bombing of North Vietnam, the show preempted its regular programming to broadcast a special report, scooping the straight media. In 1972 Eleven EM. even won a Galaxy Award--the Japanese Emmy--for its exploration of such topics as sex education and Japan-Korea relations--then both taboo on mainstream Japanese TV.
But as the show entered its second decade and Japan was swept up in the 1980s economic boom, viewers began to tire of the program's vicarious pleasures. Flush with cash in the palmy days of the bubble economy, less inhibited by traditional mores than their fathers and older brothers, younger salarymen began to take overseas trips and attend the live sex shows in Amsterdam themselves. Instead of seeming racily advanced and daringly underground, the show now was, if not passé, nothing special. And those searching for on-screen sexual kicks could find more thrilling ones in the neighborhood video rental racks than the show could ever hope to offer.
As the news race heated up among the commercial nets in the late 1980s (see NEWS STATION), NTV began pushing the show's time slot back to make room for its evening news program. In its last days, Eleven P.M. was going on the air at 11:45 P.M.--too late for all but the most dedicated fans or hard-core night owls. Finally, in 1990, the show was canceled.
Late-night TV lived on, but with a difference. By the mid-1990s, a popular figure on an Eleven P.M. successor was Ai Ijima, a red- headed former porno actress who spoke her mind about topical issues and dissed her male colleagues with raunchy talk. The days when the biggest thrill on TV was ogling miniskirted girls on the streets of the Ginza were like a dimly remembered dream.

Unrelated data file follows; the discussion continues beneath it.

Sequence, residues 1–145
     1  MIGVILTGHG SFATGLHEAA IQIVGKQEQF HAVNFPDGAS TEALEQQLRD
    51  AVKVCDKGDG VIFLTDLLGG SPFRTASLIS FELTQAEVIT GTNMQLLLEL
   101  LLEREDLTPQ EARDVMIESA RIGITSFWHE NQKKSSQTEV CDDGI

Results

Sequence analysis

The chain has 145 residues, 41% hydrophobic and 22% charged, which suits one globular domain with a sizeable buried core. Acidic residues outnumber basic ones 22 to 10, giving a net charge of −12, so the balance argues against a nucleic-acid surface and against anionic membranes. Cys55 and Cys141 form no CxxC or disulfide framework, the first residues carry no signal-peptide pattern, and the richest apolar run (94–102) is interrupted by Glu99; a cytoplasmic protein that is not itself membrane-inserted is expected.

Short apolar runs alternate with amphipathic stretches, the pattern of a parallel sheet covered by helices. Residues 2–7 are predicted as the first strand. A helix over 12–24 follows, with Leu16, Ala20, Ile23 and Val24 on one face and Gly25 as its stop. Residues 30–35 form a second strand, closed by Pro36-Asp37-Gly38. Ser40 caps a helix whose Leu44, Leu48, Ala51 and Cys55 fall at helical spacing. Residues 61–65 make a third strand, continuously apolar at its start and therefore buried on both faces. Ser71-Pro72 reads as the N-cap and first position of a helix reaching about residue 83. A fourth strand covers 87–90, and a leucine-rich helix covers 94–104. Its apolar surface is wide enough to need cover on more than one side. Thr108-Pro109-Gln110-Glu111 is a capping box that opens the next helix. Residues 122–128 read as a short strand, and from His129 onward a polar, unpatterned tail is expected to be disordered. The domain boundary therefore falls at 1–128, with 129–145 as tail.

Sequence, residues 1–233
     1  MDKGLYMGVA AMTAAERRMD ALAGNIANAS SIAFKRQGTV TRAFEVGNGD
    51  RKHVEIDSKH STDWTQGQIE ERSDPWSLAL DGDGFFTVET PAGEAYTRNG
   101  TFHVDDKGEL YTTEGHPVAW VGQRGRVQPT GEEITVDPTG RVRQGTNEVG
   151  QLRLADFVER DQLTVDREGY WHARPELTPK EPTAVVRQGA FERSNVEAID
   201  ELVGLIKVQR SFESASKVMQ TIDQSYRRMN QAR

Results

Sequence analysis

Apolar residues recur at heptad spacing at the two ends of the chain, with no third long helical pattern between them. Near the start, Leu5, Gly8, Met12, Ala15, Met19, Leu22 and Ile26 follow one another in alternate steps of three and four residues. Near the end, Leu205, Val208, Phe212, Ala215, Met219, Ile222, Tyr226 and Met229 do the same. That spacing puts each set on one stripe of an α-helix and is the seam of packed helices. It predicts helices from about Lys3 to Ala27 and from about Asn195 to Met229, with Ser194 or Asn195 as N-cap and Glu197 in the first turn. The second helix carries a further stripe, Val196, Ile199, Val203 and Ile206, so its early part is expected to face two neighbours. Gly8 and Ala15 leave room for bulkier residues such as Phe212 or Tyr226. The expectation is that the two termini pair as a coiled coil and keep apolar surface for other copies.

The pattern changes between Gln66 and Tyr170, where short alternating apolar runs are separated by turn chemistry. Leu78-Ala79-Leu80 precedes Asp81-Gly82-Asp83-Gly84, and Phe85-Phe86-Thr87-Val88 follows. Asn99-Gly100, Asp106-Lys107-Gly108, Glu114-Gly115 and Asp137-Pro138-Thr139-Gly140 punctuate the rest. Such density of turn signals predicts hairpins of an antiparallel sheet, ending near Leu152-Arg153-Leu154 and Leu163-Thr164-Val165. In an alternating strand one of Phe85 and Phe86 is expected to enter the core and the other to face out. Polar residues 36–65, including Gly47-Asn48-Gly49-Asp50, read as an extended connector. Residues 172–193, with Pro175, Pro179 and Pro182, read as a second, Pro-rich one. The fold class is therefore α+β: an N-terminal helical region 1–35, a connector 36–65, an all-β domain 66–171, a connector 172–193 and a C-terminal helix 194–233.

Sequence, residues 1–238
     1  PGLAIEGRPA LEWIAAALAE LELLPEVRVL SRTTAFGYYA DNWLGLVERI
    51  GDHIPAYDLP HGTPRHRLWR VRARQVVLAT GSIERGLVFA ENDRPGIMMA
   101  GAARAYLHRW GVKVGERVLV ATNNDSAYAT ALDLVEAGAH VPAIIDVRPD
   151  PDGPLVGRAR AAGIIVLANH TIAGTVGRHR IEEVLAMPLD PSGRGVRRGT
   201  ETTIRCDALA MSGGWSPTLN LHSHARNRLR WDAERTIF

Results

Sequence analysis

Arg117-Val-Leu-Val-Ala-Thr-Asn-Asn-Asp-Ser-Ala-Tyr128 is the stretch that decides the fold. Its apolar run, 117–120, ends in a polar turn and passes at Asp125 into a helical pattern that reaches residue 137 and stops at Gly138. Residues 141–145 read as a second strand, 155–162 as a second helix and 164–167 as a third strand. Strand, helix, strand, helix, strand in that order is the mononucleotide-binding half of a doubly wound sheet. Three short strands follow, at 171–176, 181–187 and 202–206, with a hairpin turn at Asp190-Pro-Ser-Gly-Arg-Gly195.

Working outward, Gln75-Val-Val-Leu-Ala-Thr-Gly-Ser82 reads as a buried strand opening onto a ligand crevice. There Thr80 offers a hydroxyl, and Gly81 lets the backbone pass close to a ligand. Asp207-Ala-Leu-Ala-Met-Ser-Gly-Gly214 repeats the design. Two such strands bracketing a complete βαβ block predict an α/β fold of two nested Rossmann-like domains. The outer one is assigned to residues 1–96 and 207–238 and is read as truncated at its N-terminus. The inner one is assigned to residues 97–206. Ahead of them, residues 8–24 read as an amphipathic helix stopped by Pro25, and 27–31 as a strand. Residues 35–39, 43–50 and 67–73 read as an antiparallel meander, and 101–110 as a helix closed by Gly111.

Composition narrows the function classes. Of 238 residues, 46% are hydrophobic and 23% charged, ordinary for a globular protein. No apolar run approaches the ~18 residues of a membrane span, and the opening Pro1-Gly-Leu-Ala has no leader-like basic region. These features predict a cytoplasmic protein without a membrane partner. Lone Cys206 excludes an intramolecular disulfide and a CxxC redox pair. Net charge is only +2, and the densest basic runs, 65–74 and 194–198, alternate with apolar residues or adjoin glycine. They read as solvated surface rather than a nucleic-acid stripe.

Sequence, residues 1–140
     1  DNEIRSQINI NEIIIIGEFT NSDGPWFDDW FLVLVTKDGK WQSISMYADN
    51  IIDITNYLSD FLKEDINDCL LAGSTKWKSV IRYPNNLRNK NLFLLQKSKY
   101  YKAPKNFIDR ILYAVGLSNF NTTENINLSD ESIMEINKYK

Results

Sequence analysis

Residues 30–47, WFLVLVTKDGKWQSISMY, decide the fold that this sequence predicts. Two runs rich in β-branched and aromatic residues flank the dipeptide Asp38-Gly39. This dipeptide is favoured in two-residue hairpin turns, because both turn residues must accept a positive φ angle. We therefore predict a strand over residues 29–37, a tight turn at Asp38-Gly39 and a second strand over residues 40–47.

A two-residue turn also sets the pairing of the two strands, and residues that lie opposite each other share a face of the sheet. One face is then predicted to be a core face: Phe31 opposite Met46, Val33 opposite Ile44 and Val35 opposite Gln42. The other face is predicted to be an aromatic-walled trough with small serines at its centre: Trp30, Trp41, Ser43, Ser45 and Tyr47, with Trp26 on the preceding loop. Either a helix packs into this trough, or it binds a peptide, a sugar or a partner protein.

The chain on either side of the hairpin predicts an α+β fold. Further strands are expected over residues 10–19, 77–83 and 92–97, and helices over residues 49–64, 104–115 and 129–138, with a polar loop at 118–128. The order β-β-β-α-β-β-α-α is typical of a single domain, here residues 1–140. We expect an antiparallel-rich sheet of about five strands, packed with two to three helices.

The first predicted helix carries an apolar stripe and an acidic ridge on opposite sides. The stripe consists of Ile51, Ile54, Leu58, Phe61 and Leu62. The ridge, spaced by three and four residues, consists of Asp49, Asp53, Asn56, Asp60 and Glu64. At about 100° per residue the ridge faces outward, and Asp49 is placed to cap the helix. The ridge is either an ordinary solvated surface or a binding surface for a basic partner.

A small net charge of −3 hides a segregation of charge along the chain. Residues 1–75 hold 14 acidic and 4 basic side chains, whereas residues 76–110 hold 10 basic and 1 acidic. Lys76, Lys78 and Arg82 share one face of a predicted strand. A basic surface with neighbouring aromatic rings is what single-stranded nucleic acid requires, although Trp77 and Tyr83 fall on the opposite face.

In the days before Hideo Nomo, a polling organization asked Americans to name as many famous Japanese as they could. The list was short, headed by Bruce Lee, Hirohito, and Godzilla. Unfortunately, two of the top three were not Japanese. The Emperor doubtless qualifies, though he does not carry a Japanese passport, vote in national elections, or possess that ultimate proof of Japanese citizenship, a family register. Kung Fu action star Bruce Lee was from Hong Kong. Finally, Godzilla may have often visited (and visited destruction on) Japan, but was born off the Bikini Atoll, in the wake of a U.S. hydrogen bomb test.
In the decades since his debut in the 1954 Gojira ( Godzilla), the big guy has come to stand as a symbol of. (1) campy, cheesy monster movies, and (2) mindless destruc
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Publication information: Book title: The Encyclopedia of Japanese Pop Culture. Contributors: Mark Schilling - Author. Publisher: Weatherhill. Place of publication: New York. Publication year: 1997. Page number: 57.
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